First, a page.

doc-src/TutorialI/basics.tex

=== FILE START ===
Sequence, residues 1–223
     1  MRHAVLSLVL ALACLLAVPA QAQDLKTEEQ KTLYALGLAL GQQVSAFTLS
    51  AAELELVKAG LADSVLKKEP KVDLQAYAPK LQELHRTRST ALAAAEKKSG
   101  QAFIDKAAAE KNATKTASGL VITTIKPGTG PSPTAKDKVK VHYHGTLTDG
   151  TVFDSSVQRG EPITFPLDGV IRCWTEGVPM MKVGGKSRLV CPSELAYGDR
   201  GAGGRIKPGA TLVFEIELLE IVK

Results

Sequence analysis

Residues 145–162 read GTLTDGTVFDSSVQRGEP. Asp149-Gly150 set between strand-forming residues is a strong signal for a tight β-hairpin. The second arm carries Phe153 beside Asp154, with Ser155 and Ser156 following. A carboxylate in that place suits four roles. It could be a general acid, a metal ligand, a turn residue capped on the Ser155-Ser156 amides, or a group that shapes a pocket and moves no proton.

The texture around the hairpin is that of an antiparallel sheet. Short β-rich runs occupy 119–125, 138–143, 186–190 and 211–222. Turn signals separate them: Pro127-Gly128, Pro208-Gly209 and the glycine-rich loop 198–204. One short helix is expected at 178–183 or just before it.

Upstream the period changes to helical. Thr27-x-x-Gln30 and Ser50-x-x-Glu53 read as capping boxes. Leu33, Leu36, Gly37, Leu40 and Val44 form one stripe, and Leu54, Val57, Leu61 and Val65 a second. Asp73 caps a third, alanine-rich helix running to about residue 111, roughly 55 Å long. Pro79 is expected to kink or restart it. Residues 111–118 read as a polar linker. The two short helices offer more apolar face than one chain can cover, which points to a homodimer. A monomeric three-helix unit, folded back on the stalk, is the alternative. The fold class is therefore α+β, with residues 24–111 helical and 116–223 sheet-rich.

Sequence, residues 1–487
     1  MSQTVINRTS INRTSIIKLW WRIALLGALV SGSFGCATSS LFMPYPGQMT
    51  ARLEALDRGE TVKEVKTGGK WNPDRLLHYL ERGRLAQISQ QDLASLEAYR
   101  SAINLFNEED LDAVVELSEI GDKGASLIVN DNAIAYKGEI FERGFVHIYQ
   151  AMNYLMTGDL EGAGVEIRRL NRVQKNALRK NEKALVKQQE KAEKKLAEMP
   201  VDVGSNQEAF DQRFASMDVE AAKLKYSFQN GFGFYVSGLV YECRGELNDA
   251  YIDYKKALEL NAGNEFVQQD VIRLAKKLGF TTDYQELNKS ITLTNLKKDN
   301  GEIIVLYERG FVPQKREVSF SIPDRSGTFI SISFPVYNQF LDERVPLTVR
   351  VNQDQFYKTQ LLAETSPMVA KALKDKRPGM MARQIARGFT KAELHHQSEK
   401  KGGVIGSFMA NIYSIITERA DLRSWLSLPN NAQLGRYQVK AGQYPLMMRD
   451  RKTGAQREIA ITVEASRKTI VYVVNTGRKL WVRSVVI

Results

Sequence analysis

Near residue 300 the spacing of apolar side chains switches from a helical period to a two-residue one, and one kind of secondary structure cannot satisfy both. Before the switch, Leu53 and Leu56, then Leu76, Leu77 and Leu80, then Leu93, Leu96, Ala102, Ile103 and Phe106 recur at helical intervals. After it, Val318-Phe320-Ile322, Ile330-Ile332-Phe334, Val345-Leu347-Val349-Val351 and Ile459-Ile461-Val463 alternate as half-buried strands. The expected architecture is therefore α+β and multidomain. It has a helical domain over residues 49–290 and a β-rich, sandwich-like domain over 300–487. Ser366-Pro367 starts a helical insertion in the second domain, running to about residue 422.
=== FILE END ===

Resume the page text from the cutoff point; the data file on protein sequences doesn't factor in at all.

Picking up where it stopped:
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 nipkow@8743  1 \chapter{Basic Concepts}  nipkow@8743  2 nipkow@8743  3 \section{Introduction}  nipkow@8743  4 nipkow@8743  5 This is a tutorial on how to use Isabelle/HOL as a specification and  nipkow@8743  6 verification system. Isabelle is a generic system for implementing logical  nipkow@8743  7 formalisms, and Isabelle/HOL is the specialization of Isabelle for  nipkow@8743  8 HOL, which abbreviates Higher-Order Logic. We introduce HOL step by step  nipkow@8743  9 following the equation  nipkow@8743  10 $\mbox{HOL} = \mbox{Functional Programming} + \mbox{Logic}.$  nipkow@8743  11 We assume that the reader is familiar with the basic concepts of both fields.  nipkow@8743  12 For excellent introductions to functional programming consult the textbooks  nipkow@8743  13 by Bird and Wadler~\cite{Bird-Wadler} or Paulson~\cite{paulson-ml2}. Although  nipkow@8743  14 this tutorial initially concentrates on functional programming, do not be  nipkow@8743  15 misled: HOL can express most mathematical concepts, and functional  nipkow@8743  16 programming is just one particularly simple and ubiquitous instance.  nipkow@8743  17 nipkow@8743  18 This tutorial introduces HOL via Isabelle/Isar~\cite{isabelle-isar-ref},  nipkow@8743  19 which is an extension of Isabelle~\cite{paulson-isa-book} with structured  nipkow@8743  20 proofs.\footnote{Thus the full name of the system should be  nipkow@8743  21  Isabelle/Isar/HOL, but that is a bit of a mouthful.} The most noticeable  nipkow@8743  22 difference to classical Isabelle (which is the basis of another version of  nipkow@8743  23 this tutorial) is the replacement of the ML level by a dedicated language for  nipkow@8743  24 definitions and proofs.  nipkow@8743  25 nipkow@8743  26 A tutorial is by definition incomplete. Currently the tutorial only  nipkow@8743  27 introduces the rudiments of Isar's proof language. To fully exploit the power  nipkow@8743  28 of Isar you need to consult the Isabelle/Isar Reference  nipkow@8743  29 Manual~\cite{isabelle-isar-ref}. If you want to use Isabelle's ML level  nipkow@8743  30 directly (for example for writing your own proof procedures) see the Isabelle  nipkow@8743  31 Reference Manual~\cite{isabelle-ref}; for details relating to HOL see the  nipkow@8743  32 Isabelle/HOL manual~\cite{isabelle-HOL}. All manuals have a comprehensive  nipkow@8743  33 index.  nipkow@8743  34 nipkow@8743  35 \section{Theories}  nipkow@8743  36 \label{sec:Basic:Theories}  nipkow@8743  37 nipkow@8743  38 Working with Isabelle means creating theories. Roughly speaking, a  nipkow@8743  39 \bfindex{theory} is a named collection of types, functions, and theorems,  nipkow@8743  40 much like a module in a programming language or a specification in a  nipkow@8743  41 specification language. In fact, theories in HOL can be either. The general  nipkow@8743  42 format of a theory \texttt{T} is  nipkow@8743  43 \begin{ttbox}  nipkow@8743  44 theory T = B$$@1$$ + $$\cdots$$ + B$$@n$$:  nipkow@8743  45 $$\textit{declarations, definitions, and proofs}$$  nipkow@8743  46 end  nipkow@8743  47 \end{ttbox}  nipkow@8743  48 where \texttt{B}$@1$, \dots, \texttt{B}$@n$ are the names of existing  nipkow@8743  49 theories that \texttt{T} is based on and \texttt{\textit{declarations,  nipkow@8743  50  definitions, and proofs}} represents the newly introduced concepts  nipkow@8771  51 (types, functions etc.) and proofs about them. The \texttt{B}$@i$ are the  nipkow@8743  52 direct \textbf{parent theories}\indexbold{parent theory} of \texttt{T}.  nipkow@8743  53 Everything defined in the parent theories (and their parents \dots) is  nipkow@8743  54 automatically visible. To avoid name clashes, identifiers can be  nipkow@8743  55 \textbf{qualified} by theory names as in \texttt{T.f} and  nipkow@8743  56 \texttt{B.f}.\indexbold{identifier!qualified} Each theory \texttt{T} must  nipkow@8771  57 reside in a \bfindex{theory file} named \texttt{T.thy}.  nipkow@8743  58 nipkow@8743  59 This tutorial is concerned with introducing you to the different linguistic  nipkow@8743  60 constructs that can fill \textit{\texttt{declarations, definitions, and  nipkow@8743  61  proofs}} in the above theory template. A complete grammar of the basic  nipkow@8743  62 constructs is found in the Isabelle/Isar Reference Manual.  nipkow@8743  63 nipkow@8743  64 HOL's theory library is available online at  nipkow@8743  65 \begin{center}\small  nipkow@8743  66  \url{http://isabelle.in.tum.de/library/}  nipkow@8743  67 \end{center}  nipkow@8743  68 and is recommended browsing.  nipkow@8743  69 \begin{warn}  nipkow@8743  70  HOL contains a theory \ttindexbold{Main}, the union of all the basic  nipkow@8743  71  predefined theories like arithmetic, lists, sets, etc.\ (see the online  nipkow@8743  72  library). Unless you know what you are doing, always include \texttt{Main}  nipkow@8743  73  as a direct or indirect parent theory of all your theories.  nipkow@8743  74 \end{warn}  nipkow@8743  75 nipkow@8743  76 nipkow@8743  77 \section{Types, terms and formulae}  nipkow@8743  78 \label{sec:TypesTermsForms}  nipkow@8743  79 \indexbold{type}  nipkow@8743  80 nipkow@8771  81 Embedded in a theory are the types, terms and formulae of HOL. HOL is a typed  nipkow@8771  82 logic whose type system resembles that of functional programming languages  nipkow@8771  83 like ML or Haskell. Thus there are  nipkow@8743  84 \begin{description}  nipkow@8771  85 \item[base types,] in particular \isaindex{bool}, the type of truth values,  nipkow@8771  86 and \isaindex{nat}, the type of natural numbers.  nipkow@8771  87 \item[type constructors,] in particular \isaindex{list}, the type of  nipkow@8771  88 lists, and \isaindex{set}, the type of sets. Type constructors are written  nipkow@8771  89 postfix, e.g.\ \isa{(nat)list} is the type of lists whose elements are  nipkow@8743  90 natural numbers. Parentheses around single arguments can be dropped (as in  nipkow@8771  91 \isa{nat list}), multiple arguments are separated by commas (as in  nipkow@8771  92 \isa{(bool,nat)ty}).  nipkow@8743  93 \item[function types,] denoted by \isasymFun\indexbold{$IsaFun@\isasymFun}.  nipkow@8771  94  In HOL \isasymFun\ represents \emph{total} functions only. As is customary,  nipkow@8771  95  \isa{$\tau@1$\isasymFun~$\tau@2$\isasymFun~$\tau@3$} means  nipkow@8771  96  \isa{$\tau@1$\isasymFun~($\tau@2$\isasymFun~$\tau@3$)}. Isabelle also  nipkow@8771  97  supports the notation \isa{[$\tau@1,\dots,\tau@n$] \isasymFun~$\tau$}  nipkow@8771  98  which abbreviates \isa{$\tau@1$\isasymFun~$\cdots$\isasymFun~$\tau@n$ nipkow@8743  99  \isasymFun~$\tau$}.  nipkow@8771  100 \item[type variables,]\indexbold{type variable}\indexbold{variable!type}  nipkow@8771  101  denoted by \isaindexbold{'a}, \isa{'b} etc., just like in ML. They give rise  nipkow@8771  102  to polymorphic types like \isa{'a \isasymFun~'a}, the type of the identity  nipkow@8771  103  function.  nipkow@8743  104 \end{description}  nipkow@8743  105 \begin{warn}  nipkow@8743  106  Types are extremely important because they prevent us from writing  nipkow@8743  107  nonsense. Isabelle insists that all terms and formulae must be well-typed  nipkow@8743  108  and will print an error message if a type mismatch is encountered. To  nipkow@8743  109  reduce the amount of explicit type information that needs to be provided by  nipkow@8743  110  the user, Isabelle infers the type of all variables automatically (this is  nipkow@8743  111  called \bfindex{type inference}) and keeps quiet about it. Occasionally  nipkow@8743  112  this may lead to misunderstandings between you and the system. If anything  nipkow@8743  113  strange happens, we recommend to set the \rmindex{flag}  nipkow@8743  114  \ttindexbold{show_types} that tells Isabelle to display type information  nipkow@8743  115  that is usually suppressed: simply type  nipkow@8743  116 \begin{ttbox}  nipkow@8743  117 ML "set show_types"  nipkow@8743  118 \end{ttbox}  nipkow@8743  119 nipkow@8743  120 \noindent  nipkow@8743  121 This can be reversed by \texttt{ML "reset show_types"}. Various other flags  nipkow@8771  122 can be set and reset in the same manner.\indexbold{flag!(re)setting}  nipkow@8743  123 \end{warn}  nipkow@8743  124 nipkow@8743  125 nipkow@8743  126 \textbf{Terms}\indexbold{term} are formed as in functional programming by  nipkow@8771  127 applying functions to arguments. If \isa{f} is a function of type  nipkow@8771  128 \isa{$\tau@1$\isasymFun~$\tau@2$} and \isa{t} is a term of type  nipkow@8771  129 $\tau@1$then \isa{f~t} is a term of type$\tau@2$. HOL also supports  nipkow@8771  130 infix functions like \isa{+} and some basic constructs from functional  nipkow@8743  131 programming:  nipkow@8743  132 \begin{description}  nipkow@8771  133 \item[\isa{if$b$then$t@1$else$t@2$}]\indexbold{*if}  nipkow@8743  134 means what you think it means and requires that  nipkow@8771  135 $b$is of type \isa{bool} and$t@1$and$t@2$are of the same type.  nipkow@8771  136 \item[\isa{let$x$=$t$in$u$}]\indexbold{*let}  nipkow@8743  137 is equivalent to$u$where all occurrences of$x$have been replaced by  nipkow@8743  138 $t$. For example,  nipkow@8771  139 \isa{let x = 0 in x+x} is equivalent to \isa{0+0}. Multiple bindings are separated  nipkow@8771  140 by semicolons: \isa{let$x@1$=$t@1$; \dots;$x@n$=$t@n$in$u$}.  nipkow@8771  141 \item[\isa{case$e$of$c@1$\isasymFun~$e@1$|~\dots~|$c@n$\isasymFun~$e@n$}]  nipkow@8743  142 \indexbold{*case}  nipkow@8771  143 evaluates to$e@i$if$e$is of the form$c@i$.  nipkow@8743  144 \end{description}  nipkow@8743  145 nipkow@8743  146 Terms may also contain  nipkow@8743  147 \isasymlambda-abstractions\indexbold{$Isalam@\isasymlambda}. For example,  nipkow@8771  148 \isa{\isasymlambda{}x.~x+1} is the function that takes an argument \isa{x} and  nipkow@8771  149 returns \isa{x+1}. Instead of  nipkow@8771  150 \isa{\isasymlambda{}x.\isasymlambda{}y.\isasymlambda{}z.~$t$} we can write  nipkow@8771  151 \isa{\isasymlambda{}x~y~z.~$t$}.  nipkow@8743  152 nipkow@8771  153 \textbf{Formulae}\indexbold{formula} are terms of type \isaindexbold{bool}.  nipkow@8771  154 There are the basic constants \isaindexbold{True} and \isaindexbold{False} and  nipkow@8771  155 the usual logical connectives (in decreasing order of priority):  nipkow@8771  156 \indexboldpos{\isasymnot}{$HOL0not}, \indexboldpos{\isasymand}{$HOL0and},  nipkow@8771  157 \indexboldpos{\isasymor}{$HOL0or}, and \indexboldpos{\isasymimp}{$HOL0imp},  nipkow@8743  158 all of which (except the unary \isasymnot) associate to the right. In  nipkow@8771  159 particular \isa{A \isasymimp~B \isasymimp~C} means \isa{A \isasymimp~(B  nipkow@8771  160  \isasymimp~C)} and is thus logically equivalent to \isa{A \isasymand~B  nipkow@8771  161  \isasymimp~C} (which is \isa{(A \isasymand~B) \isasymimp~C}).  nipkow@8743  162 nipkow@8743  163 Equality is available in the form of the infix function  nipkow@8771  164 \isa{=}\indexbold{$HOL0eq@\texttt{=}} of type \isa{'a \isasymFun~'a  nipkow@8771  165  \isasymFun~bool}. Thus \isa{$t@1$=$t@2$} is a formula provided$t@1$ nipkow@8743  166 and$t@2$are terms of the same type. In case$t@1$and$t@2$are of type  nipkow@8771  167 \isa{bool}, \isa{=} acts as if-and-only-if. The formula  nipkow@8771  168 \isa{$t@1$~\isasymnoteq~$t@2$} is merely an abbreviation for  nipkow@8771  169 \isa{\isasymnot($t@1$=$t@2$)}.  nipkow@8743  170 nipkow@8743  171 The syntax for quantifiers is  nipkow@8771  172 \isa{\isasymforall{}x.~$P$}\indexbold{$HOL0All@\isasymforall} and  nipkow@8771  173 \isa{\isasymexists{}x.~$P$}\indexbold{$HOL0Ex@\isasymexists}. There is  nipkow@8771  174 even \isa{\isasymuniqex{}x.~$P$}\index{$HOL0ExU@\isasymuniqex|bold}, which  nipkow@8771  175 means that there exists exactly one \isa{x} that satisfies \isa{$P$}. Nested  nipkow@8771  176 quantifications can be abbreviated: \isa{\isasymforall{}x~y~z.~$P$} means  nipkow@8771  177 \isa{\isasymforall{}x.\isasymforall{}y.\isasymforall{}z.~$P$}.  nipkow@8743  178 nipkow@8743  179 Despite type inference, it is sometimes necessary to attach explicit  nipkow@8771  180 \textbf{type constraints}\indexbold{type constraint} to a term. The syntax is  nipkow@8771  181 \isa{$t$::$\tau$} as in \isa{x < (y::nat)}. Note that  nipkow@8771  182 \ttindexboldpos{::}{$Isalamtc} binds weakly and should therefore be enclosed  nipkow@8771  183 in parentheses: \isa{x < y::nat} is ill-typed because it is interpreted as  nipkow@8771  184 \isa{(x < y)::nat}. The main reason for type constraints are overloaded  nipkow@8771  185 functions like \isa{+}, \isa{*} and \isa{<}. (See \S\ref{sec:TypeClasses} for  nipkow@8771  186 a full discussion of overloading.)  nipkow@8743  187 nipkow@8743  188 \begin{warn}  nipkow@8743  189 In general, HOL's concrete syntax tries to follow the conventions of  nipkow@8743  190 functional programming and mathematics. Below we list the main rules that you  nipkow@8743  191 should be familiar with to avoid certain syntactic traps. A particular  nipkow@8743  192 problem for novices can be the priority of operators. If you are unsure, use  nipkow@8743  193 more rather than fewer parentheses. In those cases where Isabelle echoes your  nipkow@8743  194 input, you can see which parentheses are dropped---they were superfluous. If  nipkow@8743  195 you are unsure how to interpret Isabelle's output because you don't know  nipkow@8743  196 where the (dropped) parentheses go, set (and possibly reset) the \rmindex{flag}  nipkow@8743  197 \ttindexbold{show_brackets}:  nipkow@8743  198 \begin{ttbox}  nipkow@8743  199 ML "set show_brackets"; $$\dots$$; ML "reset show_brackets";  nipkow@8743  200 \end{ttbox}  nipkow@8743  201 \end{warn}  nipkow@8743  202 nipkow@8743  203 \begin{itemize}  nipkow@8743  204 \item  nipkow@8771  205 Remember that \isa{f t u} means \isa{(f t) u} and not \isa{f(t u)}!  nipkow@8743  206 \item  nipkow@8771  207 Isabelle allows infix functions like \isa{+}. The prefix form of function  nipkow@8771  208 application binds more strongly than anything else and hence \isa{f~x + y}  nipkow@8771  209 means \isa{(f~x)~+~y} and not \isa{f(x+y)}.  nipkow@8743  210 \item Remember that in HOL if-and-only-if is expressed using equality. But  nipkow@8743  211  equality has a high priority, as befitting a relation, while if-and-only-if  nipkow@8771  212  typically has the lowest priority. Thus, \isa{\isasymnot~\isasymnot~P =  nipkow@8771  213  P} means \isa{\isasymnot\isasymnot(P = P)} and not  nipkow@8771  214  \isa{(\isasymnot\isasymnot P) = P}. When using \isa{=} to mean  nipkow@8771  215  logical equivalence, enclose both operands in parentheses, as in \isa{(A  nipkow@8743  216  \isasymand~B) = (B \isasymand~A)}.  nipkow@8743  217 \item  nipkow@8743  218 Constructs with an opening but without a closing delimiter bind very weakly  nipkow@8743  219 and should therefore be enclosed in parentheses if they appear in subterms, as  nipkow@8771  220 in \isa{f = (\isasymlambda{}x.~x)}. This includes \isaindex{if},  nipkow@8771  221 \isaindex{let}, \isaindex{case}, \isa{\isasymlambda}, and quantifiers.  nipkow@8743  222 \item  nipkow@8771  223 Never write \isa{\isasymlambda{}x.x} or \isa{\isasymforall{}x.x=x}  nipkow@8771  224 because \isa{x.x} is always read as a single qualified identifier that  nipkow@8771  225 refers to an item \isa{x} in theory \isa{x}. Write  nipkow@8771  226 \isa{\isasymlambda{}x.~x} and \isa{\isasymforall{}x.~x=x} instead.  nipkow@8771  227 \item Identifiers\indexbold{identifier} may contain \isa{_} and \isa{'}.  nipkow@8743  228 \end{itemize}  nipkow@8743  229 nipkow@8771  230 For the sake of readability the usual mathematical symbols are used throughout  nipkow@8771  231 the tutorial. Their ASCII-equivalents are shown in figure~\ref{fig:ascii} in  nipkow@8771  232 the appendix.  nipkow@8771  233 nipkow@8743  234 nipkow@8743  235 \section{Variables}  nipkow@8743  236 \label{sec:variables}  nipkow@8743  237 \indexbold{variable}  nipkow@8743  238 nipkow@8743  239 Isabelle distinguishes free and bound variables just as is customary. Bound  nipkow@8743  240 variables are automatically renamed to avoid clashes with free variables. In  nipkow@8743  241 addition, Isabelle has a third kind of variable, called a \bfindex{schematic  nipkow@8743  242  variable}\indexbold{variable!schematic} or \bfindex{unknown}, which starts  nipkow@8771  243 with a \isa{?}. Logically, an unknown is a free variable. But it may be  nipkow@8743  244 instantiated by another term during the proof process. For example, the  nipkow@8771  245 mathematical theorem$x = x$is represented in Isabelle as \isa{?x = ?x},  nipkow@8743  246 which means that Isabelle can instantiate it arbitrarily. This is in contrast  nipkow@8743  247 to ordinary variables, which remain fixed. The programming language Prolog  nipkow@8743  248 calls unknowns {\em logical\/} variables.  nipkow@8743  249 nipkow@8743  250 Most of the time you can and should ignore unknowns and work with ordinary  nipkow@8743  251 variables. Just don't be surprised that after you have finished the proof of  nipkow@8743  252 a theorem, Isabelle will turn your free variables into unknowns: it merely  nipkow@8743  253 indicates that Isabelle will automatically instantiate those unknowns  nipkow@8743  254 suitably when the theorem is used in some other proof.  nipkow@8743  255 \begin{warn}  nipkow@8771  256  If you use \isa{?}\index{$HOL0Ex@\texttt{?}} as an existential  nipkow@8771  257  quantifier, it needs to be followed by a space. Otherwise \isa{?x} is  nipkow@8743  258  interpreted as a schematic variable.  nipkow@8743  259 \end{warn}  nipkow@8743  260 nipkow@8771  261 \section{Interaction and interfaces}  nipkow@8771  262 nipkow@8771  263 Interaction with Isabelle can either occur at the shell level or through more  nipkow@8771  264 advanced interfaces. To keep the tutorial independent of the interface we  nipkow@8771  265 have phrased the description of the intraction in a neutral language. For  nipkow@8771  266 example, the phrase to abandon a proof'' means to type \isacommand{oops} at the  nipkow@8771  267 shell level, which is explained the first time the phrase is used. Other  nipkow@8771  268 interfaces perform the same act by cursor movements and/or mouse clicks.  nipkow@8771  269 Although shell-based interaction is quite feasible for the kind of proof  nipkow@8771  270 scripts currently presented in this tutorial, the recommended interface for  nipkow@8771  271 Isabelle/Isar is the Emacs-based \bfindex{Proof  nipkow@8771  272  General}~\cite{Aspinall:TACAS:2000,proofgeneral}.  nipkow@8771  273 nipkow@8771  274 Some interfaces (including the shell level) offer special fonts with  nipkow@8771  275 mathematical symbols. For those that do not, remember that ASCII-equivalents  nipkow@8771  276 are shown in figure~\ref{fig:ascii} in the appendix.  nipkow@8771  277 nipkow@8771  278 Finally, a word about semicolons.\indexbold{\$Isar@\texttt{;}} Some interfaces,  nipkow@8771  279 for example Proof General, require each command to be terminated by a  nipkow@8771  280 semicolon, whereas others, for example the shell level, do not. But even at  nipkow@8771  281 the shell level it is advisable to use semicolons to enforce that a command  nipkow@8771  282 is executed immediately; otherwise Isabelle may wait for the next keyword  nipkow@8771  283 before it knows that the command is complete. Note that for readibility  nipkow@8771  284 reasons we often drop the final semicolon in the text.  nipkow@8771  285 nipkow@8771  286 nipkow@8743  287 \section{Getting started}  nipkow@8743  288 nipkow@8743  289 Assuming you have installed Isabelle, you start it by typing \texttt{isabelle  nipkow@8743  290  -I HOL} in a shell window.\footnote{Simply executing \texttt{isabelle -I}  nipkow@8743  291  starts the default logic, which usually is already \texttt{HOL}. This is  nipkow@8743  292  controlled by the \texttt{ISABELLE_LOGIC} setting, see \emph{The Isabelle  nipkow@8743  293  System Manual} for more details.} This presents you with Isabelle's most  nipkow@8743  294 basic ASCII interface. In addition you need to open an editor window to  nipkow@8743  295 create theory files. While you are developing a theory, we recommend to  nipkow@8743  296 type each command into the file first and then enter it into Isabelle by  nipkow@8743  297 copy-and-paste, thus ensuring that you have a complete record of your theory.  nipkow@8771  298 As mentioned above, Proof General offers a much superior interface.